The Original Green is all about architecture and urbanism. But it’s also about reflection, living, inspiration, and delight. We can achieve sustainable living only when we “want to” or “love to” instead of feeling that we “have to” or “ought to” balance the needs of our society, economy and environment. Miami architect Steve Mouzon’s new book looks carefully at the building blocks of community, and what needs to shift to making living on earth a long-term proposition. Instead of repeating the cases others have made to quantify the drivers of sustainable living, Steve suggests honoring the Original Green of how we lived in the pre-petroleum era, while leveraging the technological and urban advances of the last 100 years.
First the book identifies the top 10 problems about how we’re approaching sustainability now, and the top 10 underlying principles to any effective plan for change. Steve more or less sums up his premise on the individual building with, “The best sort of carbon neutrality comes from building lovably and durably, using techniques that allow the building to largely condition itself, so frugality comes naturally.” Steve’s been thinking through this idea for some time now, in his design for a neighborhood-friendly green home, the Smart Dwelling, for the Wall Street Journal, and in his award-winning book, A Living Tradition: Architecture of the Bahamas, among others. However, unlike his earlier more specialized works, The Original Green puts forth seminal and holistic philosophies to effect global change.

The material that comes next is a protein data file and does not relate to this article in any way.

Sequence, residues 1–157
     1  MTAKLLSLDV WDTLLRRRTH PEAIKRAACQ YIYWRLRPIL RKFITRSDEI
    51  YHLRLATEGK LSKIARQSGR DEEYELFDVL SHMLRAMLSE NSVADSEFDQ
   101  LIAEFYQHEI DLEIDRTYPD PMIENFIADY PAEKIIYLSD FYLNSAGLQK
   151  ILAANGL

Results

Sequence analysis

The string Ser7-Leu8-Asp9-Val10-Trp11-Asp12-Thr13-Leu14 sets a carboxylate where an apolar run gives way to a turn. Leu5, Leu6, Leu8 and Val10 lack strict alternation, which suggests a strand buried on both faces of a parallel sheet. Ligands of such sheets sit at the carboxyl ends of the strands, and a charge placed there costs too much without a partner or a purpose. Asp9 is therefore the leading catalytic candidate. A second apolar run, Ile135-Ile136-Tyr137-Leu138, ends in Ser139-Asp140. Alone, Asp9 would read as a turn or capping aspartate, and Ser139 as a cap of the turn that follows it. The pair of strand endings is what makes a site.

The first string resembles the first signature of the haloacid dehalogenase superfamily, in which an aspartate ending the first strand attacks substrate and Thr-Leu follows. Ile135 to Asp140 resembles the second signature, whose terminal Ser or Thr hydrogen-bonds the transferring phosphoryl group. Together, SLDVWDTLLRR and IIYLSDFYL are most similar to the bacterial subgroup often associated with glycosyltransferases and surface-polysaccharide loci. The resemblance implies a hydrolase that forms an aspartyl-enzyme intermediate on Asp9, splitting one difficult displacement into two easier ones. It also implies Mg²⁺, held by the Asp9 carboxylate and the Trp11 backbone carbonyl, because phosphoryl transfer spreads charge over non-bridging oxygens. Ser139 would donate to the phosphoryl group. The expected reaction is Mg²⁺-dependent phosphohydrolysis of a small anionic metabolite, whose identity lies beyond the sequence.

The general framework of the Original Green idea is that places must be nourishable, accessible, serviceable, and securable. And that buildings must be lovable, durable, flexible and frugal. Each of these eight elements breaks down further into the constraints on energy and materials that must occur to achieve sustainability. Finally, report cards indicate who’s carrying the load within each of the elements and constraints.
Featured throughout the book is Steve’s portfolio of photographs he’s taken throughout North and Central America and Europe. This inspiring view into the nuances of what is most sustainable about the way we currently live – and the depressing view of the flip side – is reason enough to read this compelling new work. Clearly there is reference to Christopher Alexander’s A Pattern Language and The Timeless Way of Building, bringing things current for the sorts of actions that must occur to safeguard such complete, convivial, compact and sustainable places.
The book is written in conversational language that targets everyone, although the concepts apply to industry and government as well as individuals. The number 1 of Steve’s 10 principles required for any effective plan is “the Involvement of Everyone.” And this book is written to that point.
The particulars: The forward is by Robert F. Kennedy, Jr. The publisher is The Guild Foundation Press, released May 7, 2010. At 288 pages, the 6″ x 9″ softcover is meant to be a handbook, containing 245 images.
A new short film recently released speaks to many of the same ideas. American Makeover, episode 1, Sprawlanta, looks at what will happen if we don’t change our course, and some applications of Original Green ideas. If you’re coming to CNU 18 in Atlanta next week, you can meet up with both the filmmakers, John Paget, Chris Elisara, and Drew Ward, as well as the author, Steve Mouzon. And get cracking on the Involvement of Everyone.
— Hazel Borys